Thursday, October 05, 2006

In The News: 300pc Rise In Children With Mental Problems

This was an article highlighted in the New Straits Times yesterday. The statistic refers to Malaysian children. What is your reaction to such a headline?
As for me, I feel pretty sad for all these kids having to deal with such problems at such a young age. Adults always think we have it tough, we forget that kids sometimes have it tougher. Yes, children do have stress in their lives too. It's not all just fun and play for them. According to the article, the main sources of stress for these problem children were:
  • Stress at school - pressure from parents to perform and pressure to live up to parent's expectations, also stress from teachers that bully.
  • Stress at home - parents fighting at home
I'm sure they are many other stressors that were not mentioned. It is scary to think that as parents, we may be the ones driving our children nuts. I know when I was a child myself, my priority was not to be a genius. I just wanted to have many friends, be well liked, engage in activities that was of interest and to do reasonably well in school. I'm sure many of you were like that too. And yet, as we step into parenthood, we desire our children to be tops in everything. We put on the pressure because we have good intentions but sadly our actions may lead to terrible consequences. This article serves as a good warning to me. It reminds me:
  • to be reasonable in my expectations
  • that a child's happiness is more important than a child's academic achievement
  • teach my children to love life and not just to endure it
  • the home should be a place of refuge and not a place of stress
  • to have a solid relationship with my children through open communication that they may have a place to confide their fears and concerns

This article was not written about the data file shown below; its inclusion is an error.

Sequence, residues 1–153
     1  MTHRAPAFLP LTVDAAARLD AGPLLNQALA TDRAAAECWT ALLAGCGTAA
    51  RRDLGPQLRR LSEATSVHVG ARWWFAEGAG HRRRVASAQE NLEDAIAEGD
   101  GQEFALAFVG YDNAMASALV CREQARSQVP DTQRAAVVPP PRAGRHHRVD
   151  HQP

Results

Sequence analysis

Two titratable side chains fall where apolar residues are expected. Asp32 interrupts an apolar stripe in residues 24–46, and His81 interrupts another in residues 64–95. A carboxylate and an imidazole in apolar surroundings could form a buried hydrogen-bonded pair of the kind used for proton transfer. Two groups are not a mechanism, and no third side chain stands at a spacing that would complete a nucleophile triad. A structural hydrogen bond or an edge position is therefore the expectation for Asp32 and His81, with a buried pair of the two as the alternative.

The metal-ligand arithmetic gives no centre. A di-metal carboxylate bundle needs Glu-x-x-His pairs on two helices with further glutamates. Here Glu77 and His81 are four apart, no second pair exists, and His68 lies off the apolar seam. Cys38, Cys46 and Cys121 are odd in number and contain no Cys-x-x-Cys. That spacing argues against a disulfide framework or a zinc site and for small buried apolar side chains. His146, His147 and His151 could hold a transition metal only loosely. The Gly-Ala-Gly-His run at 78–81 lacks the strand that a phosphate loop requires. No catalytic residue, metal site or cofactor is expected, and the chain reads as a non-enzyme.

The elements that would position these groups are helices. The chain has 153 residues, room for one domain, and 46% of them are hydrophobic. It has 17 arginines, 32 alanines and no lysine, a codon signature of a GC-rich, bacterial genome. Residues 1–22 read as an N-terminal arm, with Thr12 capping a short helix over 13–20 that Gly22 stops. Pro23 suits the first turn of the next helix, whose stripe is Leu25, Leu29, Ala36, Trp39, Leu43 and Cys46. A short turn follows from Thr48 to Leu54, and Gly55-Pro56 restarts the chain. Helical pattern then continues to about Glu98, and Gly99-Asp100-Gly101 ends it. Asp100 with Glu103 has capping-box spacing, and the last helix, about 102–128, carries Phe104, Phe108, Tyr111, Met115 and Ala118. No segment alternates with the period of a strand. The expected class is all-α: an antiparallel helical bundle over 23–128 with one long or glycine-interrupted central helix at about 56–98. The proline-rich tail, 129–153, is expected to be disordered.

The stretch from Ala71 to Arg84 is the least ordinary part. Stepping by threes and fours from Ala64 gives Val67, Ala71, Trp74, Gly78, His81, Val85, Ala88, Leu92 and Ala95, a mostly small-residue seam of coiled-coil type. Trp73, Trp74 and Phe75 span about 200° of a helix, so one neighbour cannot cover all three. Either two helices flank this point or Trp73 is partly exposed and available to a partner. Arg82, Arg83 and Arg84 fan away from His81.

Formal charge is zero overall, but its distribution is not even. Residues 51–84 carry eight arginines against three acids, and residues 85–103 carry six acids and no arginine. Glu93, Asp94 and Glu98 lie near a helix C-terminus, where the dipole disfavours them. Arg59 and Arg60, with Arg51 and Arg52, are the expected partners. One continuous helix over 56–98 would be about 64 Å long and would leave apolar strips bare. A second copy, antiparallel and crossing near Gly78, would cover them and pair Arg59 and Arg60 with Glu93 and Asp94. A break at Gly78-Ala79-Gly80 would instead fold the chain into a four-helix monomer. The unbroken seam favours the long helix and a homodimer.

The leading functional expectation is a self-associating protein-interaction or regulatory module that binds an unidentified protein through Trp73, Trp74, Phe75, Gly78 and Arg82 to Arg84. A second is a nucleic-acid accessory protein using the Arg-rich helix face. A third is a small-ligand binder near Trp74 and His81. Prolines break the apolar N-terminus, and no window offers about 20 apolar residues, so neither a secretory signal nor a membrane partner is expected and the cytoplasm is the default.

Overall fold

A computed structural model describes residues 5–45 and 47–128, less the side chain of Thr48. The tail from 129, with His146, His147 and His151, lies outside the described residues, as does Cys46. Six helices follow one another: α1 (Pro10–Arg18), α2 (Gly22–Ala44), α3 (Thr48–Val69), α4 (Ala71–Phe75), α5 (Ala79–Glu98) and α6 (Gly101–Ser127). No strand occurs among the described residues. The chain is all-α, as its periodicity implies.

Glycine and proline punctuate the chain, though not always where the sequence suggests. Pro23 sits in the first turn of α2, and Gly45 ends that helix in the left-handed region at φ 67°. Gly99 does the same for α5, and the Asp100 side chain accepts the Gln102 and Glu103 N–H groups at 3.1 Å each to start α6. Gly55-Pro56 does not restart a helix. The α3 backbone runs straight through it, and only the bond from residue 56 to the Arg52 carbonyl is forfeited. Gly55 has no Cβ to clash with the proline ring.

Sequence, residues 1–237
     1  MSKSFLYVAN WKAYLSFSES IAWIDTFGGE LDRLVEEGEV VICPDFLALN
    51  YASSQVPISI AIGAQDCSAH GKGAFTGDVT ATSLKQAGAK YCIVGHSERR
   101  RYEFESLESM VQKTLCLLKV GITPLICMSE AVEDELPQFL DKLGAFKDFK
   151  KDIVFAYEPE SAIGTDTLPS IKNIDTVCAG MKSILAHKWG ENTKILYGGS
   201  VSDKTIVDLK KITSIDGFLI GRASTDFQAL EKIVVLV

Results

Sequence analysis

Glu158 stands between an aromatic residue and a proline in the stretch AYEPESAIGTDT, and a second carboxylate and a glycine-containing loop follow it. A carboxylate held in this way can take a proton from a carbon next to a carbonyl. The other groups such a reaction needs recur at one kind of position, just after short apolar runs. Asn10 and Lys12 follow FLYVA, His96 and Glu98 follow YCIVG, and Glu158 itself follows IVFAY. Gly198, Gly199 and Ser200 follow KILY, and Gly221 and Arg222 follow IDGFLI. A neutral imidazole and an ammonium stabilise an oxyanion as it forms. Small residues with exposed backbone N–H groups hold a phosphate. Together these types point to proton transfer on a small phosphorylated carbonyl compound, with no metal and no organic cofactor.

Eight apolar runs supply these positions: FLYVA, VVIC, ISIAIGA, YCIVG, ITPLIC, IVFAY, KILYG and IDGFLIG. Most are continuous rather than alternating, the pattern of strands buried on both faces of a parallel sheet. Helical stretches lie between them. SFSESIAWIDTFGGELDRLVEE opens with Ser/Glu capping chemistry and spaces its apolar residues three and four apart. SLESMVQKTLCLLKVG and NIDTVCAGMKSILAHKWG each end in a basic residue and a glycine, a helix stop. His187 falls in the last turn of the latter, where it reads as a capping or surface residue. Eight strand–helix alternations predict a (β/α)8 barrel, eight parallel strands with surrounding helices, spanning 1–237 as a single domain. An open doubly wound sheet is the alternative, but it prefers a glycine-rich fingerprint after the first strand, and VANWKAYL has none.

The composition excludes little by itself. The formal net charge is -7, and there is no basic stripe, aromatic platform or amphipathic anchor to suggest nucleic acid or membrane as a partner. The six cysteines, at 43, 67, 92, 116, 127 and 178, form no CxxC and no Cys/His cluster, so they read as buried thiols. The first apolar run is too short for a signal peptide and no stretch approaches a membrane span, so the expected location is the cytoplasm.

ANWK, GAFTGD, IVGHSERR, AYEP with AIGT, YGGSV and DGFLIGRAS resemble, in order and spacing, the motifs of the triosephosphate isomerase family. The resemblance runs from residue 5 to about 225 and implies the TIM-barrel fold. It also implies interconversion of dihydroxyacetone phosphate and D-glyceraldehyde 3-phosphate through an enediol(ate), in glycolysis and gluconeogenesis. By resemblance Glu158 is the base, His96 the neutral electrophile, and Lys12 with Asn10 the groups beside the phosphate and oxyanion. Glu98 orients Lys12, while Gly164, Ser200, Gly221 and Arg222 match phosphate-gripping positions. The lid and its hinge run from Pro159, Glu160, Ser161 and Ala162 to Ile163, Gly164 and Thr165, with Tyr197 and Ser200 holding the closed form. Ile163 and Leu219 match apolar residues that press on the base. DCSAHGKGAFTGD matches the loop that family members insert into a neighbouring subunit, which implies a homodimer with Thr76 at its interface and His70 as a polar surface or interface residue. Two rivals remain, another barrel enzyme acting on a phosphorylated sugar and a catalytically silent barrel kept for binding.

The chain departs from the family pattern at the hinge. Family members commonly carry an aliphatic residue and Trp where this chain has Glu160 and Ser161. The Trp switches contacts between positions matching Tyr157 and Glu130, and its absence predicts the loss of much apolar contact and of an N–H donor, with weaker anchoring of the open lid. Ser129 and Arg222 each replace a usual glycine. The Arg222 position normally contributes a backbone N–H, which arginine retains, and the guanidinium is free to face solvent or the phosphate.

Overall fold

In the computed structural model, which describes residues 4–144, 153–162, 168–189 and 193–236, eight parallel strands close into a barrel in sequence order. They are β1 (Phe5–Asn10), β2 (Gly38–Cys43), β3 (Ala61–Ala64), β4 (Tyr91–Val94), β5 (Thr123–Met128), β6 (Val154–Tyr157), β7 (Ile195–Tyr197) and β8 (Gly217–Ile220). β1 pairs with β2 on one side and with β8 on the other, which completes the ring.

• that sometimes it is better to turn away from worldly trends
One thing good about the report is it shows that more and more parents recognize that their children have a problem and are seeking help instead of brushing it under the carpet. I just pray that for many of us, we don't reach that stage before taking action.


  1. This is a charming blog. I especially like the following comments "to be reasonable in my expectations

    that a child's happiness is more important than a child's academic achievement"

    Sometimes I get the impression that too many parents are more concerned with "straight A's" and "college" than their kids happiness and health. Often those parents who boast about their childs academic achievements, spend little time boasting abot their health or happiness.

  2. I'm always skeptical when I find that a new group of children are being diagnosed with the latest mental health problem. As a child of the 70's, the problems we had did not have a medical term. We were just crazy!

    Are today's children that much different, or are today's doctors and psychologists that much quicker to give a diagnosis (any diagnosis)?

    By the way, I enjoy your site.

  3. Yes Mike, I agree with you that parents do get easily blinded by academic achievements. That's why I hope to not join that party :)

    Hi Thad,
    You give me something very good to blog about. Hope to see you here more often.


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